In January 2017, King said that in the wake of the 2016 presidential election "it has become abundantly clear that the American people have overwhelmingly rejected Obamacare time and time again" and called for congressional Republicans to "take swift action to fulfill our promise to We the People and repeal this unconstitutional and egregious law passed by hook, crook and legislative shenanigan."[104] In May 2017, King said he had moved from supporting the American Health Care Act, the Republican replacement to the Affordable Care Act, to being unsure as a result of benefits such as emergency services, hospitalization and prescription drugs that were added following his backing of the measure: "Once they negotiated [essential health benefits] with the Freedom Caucus and Tuesday Group, it is hard for me to imagine they will bring that language in the Senate, or that it will be effective because they diluted this thing substantially." King added that he and Trump agreed on the need for the federal government to not have a role in health insurance and that Republicans would not have had difficulty repealing the Affordable Care Act had the party prioritized its replacement within the first week of the 115th Congress, in January 2015.[105]

Fiscal policy

Objecting to "taxpayer-funded subsidies, pet projects and added bureaucracy", King voted against the Obama-era $789 billion stimulus bill in the U.S. House of Representatives, saying, "Our economy will not recover because government spends more. It will recover because people produce more."[106] King also stood out as one of only 11 members of Congress to vote against the $51.8 billion Hurricane Katrina relief package in 2005, claiming there was no comprehensive plan for spending the aid money.[107]

Political lobbying

On February 26, 2010, King went to the House floor to protest Democrats' handling of health care reform and said, "Lobbyists do a very effective and useful job on this Hill ... There's a credibility there in that arena that I think somebody needs to stand up for the lobby, and it is a matter of providing a lot of valuable information."[108]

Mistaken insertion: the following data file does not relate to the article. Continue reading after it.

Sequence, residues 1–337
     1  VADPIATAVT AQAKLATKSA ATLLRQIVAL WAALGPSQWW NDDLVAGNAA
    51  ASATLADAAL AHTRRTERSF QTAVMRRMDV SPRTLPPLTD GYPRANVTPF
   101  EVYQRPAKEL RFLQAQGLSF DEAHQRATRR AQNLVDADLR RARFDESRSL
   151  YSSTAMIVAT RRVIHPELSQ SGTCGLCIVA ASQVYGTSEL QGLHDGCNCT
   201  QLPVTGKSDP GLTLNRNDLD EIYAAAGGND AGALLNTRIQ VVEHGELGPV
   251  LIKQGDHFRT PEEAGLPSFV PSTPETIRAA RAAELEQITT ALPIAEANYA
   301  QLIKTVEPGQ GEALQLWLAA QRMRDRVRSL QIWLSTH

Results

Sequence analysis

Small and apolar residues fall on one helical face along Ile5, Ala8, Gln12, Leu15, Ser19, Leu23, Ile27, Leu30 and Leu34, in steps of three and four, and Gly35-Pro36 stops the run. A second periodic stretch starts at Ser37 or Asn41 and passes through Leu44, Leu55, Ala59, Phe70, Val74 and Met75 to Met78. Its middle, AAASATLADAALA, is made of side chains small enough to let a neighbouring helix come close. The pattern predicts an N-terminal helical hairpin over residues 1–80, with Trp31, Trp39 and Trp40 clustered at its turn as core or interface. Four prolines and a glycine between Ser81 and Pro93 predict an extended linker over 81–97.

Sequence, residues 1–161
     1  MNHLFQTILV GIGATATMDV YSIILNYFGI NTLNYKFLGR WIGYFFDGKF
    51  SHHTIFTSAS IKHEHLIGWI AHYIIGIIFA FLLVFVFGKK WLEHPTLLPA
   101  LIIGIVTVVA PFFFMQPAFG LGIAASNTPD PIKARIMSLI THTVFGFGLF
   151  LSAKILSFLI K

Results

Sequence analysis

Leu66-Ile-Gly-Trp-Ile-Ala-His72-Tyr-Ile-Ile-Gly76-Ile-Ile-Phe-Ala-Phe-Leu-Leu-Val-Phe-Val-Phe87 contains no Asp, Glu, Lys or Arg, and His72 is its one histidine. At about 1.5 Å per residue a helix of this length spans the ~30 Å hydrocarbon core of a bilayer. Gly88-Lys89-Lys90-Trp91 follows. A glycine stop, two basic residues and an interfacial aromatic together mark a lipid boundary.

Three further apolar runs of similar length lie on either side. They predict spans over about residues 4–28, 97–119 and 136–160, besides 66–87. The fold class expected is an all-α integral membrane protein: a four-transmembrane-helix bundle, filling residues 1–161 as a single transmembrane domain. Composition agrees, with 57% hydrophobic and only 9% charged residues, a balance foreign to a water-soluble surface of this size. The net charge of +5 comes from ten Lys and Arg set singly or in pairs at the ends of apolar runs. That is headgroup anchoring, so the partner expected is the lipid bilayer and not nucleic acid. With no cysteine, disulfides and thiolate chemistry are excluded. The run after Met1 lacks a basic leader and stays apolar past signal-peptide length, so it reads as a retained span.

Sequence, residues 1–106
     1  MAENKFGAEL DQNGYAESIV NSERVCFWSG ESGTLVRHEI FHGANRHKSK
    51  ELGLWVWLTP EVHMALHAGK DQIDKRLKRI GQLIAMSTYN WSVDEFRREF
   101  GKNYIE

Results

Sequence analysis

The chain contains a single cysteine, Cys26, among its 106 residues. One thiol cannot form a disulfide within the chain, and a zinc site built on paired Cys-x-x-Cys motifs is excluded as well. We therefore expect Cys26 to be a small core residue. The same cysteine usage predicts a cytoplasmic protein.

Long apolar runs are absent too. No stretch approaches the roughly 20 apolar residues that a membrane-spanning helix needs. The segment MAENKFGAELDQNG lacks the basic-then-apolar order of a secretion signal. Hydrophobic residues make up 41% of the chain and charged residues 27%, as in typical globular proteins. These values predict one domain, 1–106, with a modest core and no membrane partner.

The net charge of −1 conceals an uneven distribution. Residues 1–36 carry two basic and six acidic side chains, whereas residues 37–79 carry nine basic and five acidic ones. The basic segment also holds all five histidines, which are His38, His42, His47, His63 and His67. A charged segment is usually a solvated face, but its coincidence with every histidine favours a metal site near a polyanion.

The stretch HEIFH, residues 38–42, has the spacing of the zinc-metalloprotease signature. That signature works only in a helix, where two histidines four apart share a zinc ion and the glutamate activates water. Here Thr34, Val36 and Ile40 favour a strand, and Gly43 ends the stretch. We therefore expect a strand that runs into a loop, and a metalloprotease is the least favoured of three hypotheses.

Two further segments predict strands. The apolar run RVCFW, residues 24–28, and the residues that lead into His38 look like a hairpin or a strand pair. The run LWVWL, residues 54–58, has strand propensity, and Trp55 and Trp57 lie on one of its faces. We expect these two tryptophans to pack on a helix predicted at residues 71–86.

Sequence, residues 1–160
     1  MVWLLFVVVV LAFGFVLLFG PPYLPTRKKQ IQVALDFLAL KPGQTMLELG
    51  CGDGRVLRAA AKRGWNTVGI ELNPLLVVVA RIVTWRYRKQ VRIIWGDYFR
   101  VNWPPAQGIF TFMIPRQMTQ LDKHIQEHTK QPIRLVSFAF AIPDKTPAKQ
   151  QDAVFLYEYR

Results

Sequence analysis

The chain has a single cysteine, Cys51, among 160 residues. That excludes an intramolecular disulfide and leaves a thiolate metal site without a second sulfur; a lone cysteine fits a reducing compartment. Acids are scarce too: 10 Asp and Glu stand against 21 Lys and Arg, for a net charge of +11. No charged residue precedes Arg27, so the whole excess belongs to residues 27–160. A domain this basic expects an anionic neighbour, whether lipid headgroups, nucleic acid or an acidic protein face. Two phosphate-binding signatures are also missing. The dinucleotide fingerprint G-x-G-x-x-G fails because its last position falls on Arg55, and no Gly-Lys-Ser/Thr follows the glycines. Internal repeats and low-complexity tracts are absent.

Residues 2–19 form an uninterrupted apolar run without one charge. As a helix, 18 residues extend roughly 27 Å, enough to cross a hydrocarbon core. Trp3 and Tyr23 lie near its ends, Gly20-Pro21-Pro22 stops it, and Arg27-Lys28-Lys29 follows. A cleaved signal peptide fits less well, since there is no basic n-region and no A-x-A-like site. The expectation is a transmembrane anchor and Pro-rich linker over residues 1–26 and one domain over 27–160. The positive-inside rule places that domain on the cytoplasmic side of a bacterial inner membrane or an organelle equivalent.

Climate change

King has dismissed concern over global warming, calling it a "religion" and claiming efforts to address climate change are useless.[109][110] A day after claiming that climate change was more "a religion than a science," he reasserted that many scientists overreact when discussing the consequences of global warming,[111] saying, "Everything that might result from a warmer planet is always bad in [environmentalists'] analysis. There will be more photosynthesis going on if the Earth gets warmer ... And if sea levels go up 4 or 6 inches, I don't know if we'd know that. We don't know where sea level is even, let alone be able to say that it's going to come up an inch globally because some polar ice caps might melt because there's CO
2
suspended in the atmosphere."[112]

2016 presidential election support

King and Ted Cruz in 2015
King and Ted Cruz in 2015

King endorsed Ted Cruz in the 2016 Republican presidential primaries, saying Cruz was the "answer to my prayers".[113] He endorsed and strongly supported Donald Trump after Trump won the nomination.[114][115]

Racist comments, controversies and far-right politics

The Washington Post has described King as "the U.S. congressman most openly affiliated with white nationalism", while Vanity Fair has said his opinions in this direction are "barely veiled".[1][116] David Leonhardt in an opinion piece for The New York Times has explicitly identified King as being a "white nationalist".[117] King has stirred controversy and come to prominence by making statements that have been described as racist[118][13][7][119][120][121][122] or racially charged.[8][123][124][9][125] He is a staunch opponent of immigration and multiculturalism and has supported various far-right European politicians. According to The Guardian, King "has long been one of the most vociferously anti-immigration members of the House Republican caucus."[126] King has said that he is not a racist.[13]